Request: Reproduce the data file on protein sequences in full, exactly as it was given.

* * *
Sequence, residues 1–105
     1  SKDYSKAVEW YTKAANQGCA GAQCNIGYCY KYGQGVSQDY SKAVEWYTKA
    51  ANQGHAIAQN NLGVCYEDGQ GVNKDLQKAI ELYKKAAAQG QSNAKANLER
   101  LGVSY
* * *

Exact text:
Sequence, residues 1–105
     1  SKDYSKAVEW YTKAANQGCA GAQCNIGYCY KYGQGVSQDY SKAVEWYTKA
    51  ANQGHAIAQN NLGVCYEDGQ GVNKDLQKAI ELYKKAAAQG QSNAKANLER
   101  LGVSY